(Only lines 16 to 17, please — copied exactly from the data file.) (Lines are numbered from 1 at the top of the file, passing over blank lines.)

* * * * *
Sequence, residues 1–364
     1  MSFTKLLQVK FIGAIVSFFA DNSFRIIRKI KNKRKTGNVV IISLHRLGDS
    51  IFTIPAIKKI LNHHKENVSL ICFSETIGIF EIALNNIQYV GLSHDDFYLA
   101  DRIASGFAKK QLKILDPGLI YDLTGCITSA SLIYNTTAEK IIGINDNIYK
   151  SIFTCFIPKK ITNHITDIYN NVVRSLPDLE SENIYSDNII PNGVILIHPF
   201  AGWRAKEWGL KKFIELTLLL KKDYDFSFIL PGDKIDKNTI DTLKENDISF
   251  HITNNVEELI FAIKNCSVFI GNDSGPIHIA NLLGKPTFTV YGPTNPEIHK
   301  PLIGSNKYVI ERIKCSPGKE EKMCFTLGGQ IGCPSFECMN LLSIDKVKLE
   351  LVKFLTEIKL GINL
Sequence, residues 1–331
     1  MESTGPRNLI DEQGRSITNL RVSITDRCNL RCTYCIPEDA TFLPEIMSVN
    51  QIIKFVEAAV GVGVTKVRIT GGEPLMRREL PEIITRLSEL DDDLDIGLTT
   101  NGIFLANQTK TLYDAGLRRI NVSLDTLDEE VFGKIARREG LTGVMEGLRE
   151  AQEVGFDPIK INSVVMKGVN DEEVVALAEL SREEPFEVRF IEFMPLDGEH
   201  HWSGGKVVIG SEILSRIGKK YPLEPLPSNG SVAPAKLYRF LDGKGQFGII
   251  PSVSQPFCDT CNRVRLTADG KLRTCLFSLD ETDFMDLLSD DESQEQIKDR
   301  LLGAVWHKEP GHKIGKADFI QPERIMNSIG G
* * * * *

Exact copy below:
   251  PSVSQPFCDT CNRVRLTADG KLRTCLFSLD ETDFMDLLSD DESQEQIKDR
   301  LLGAVWHKEP GHKIGKADFI QPERIMNSIG G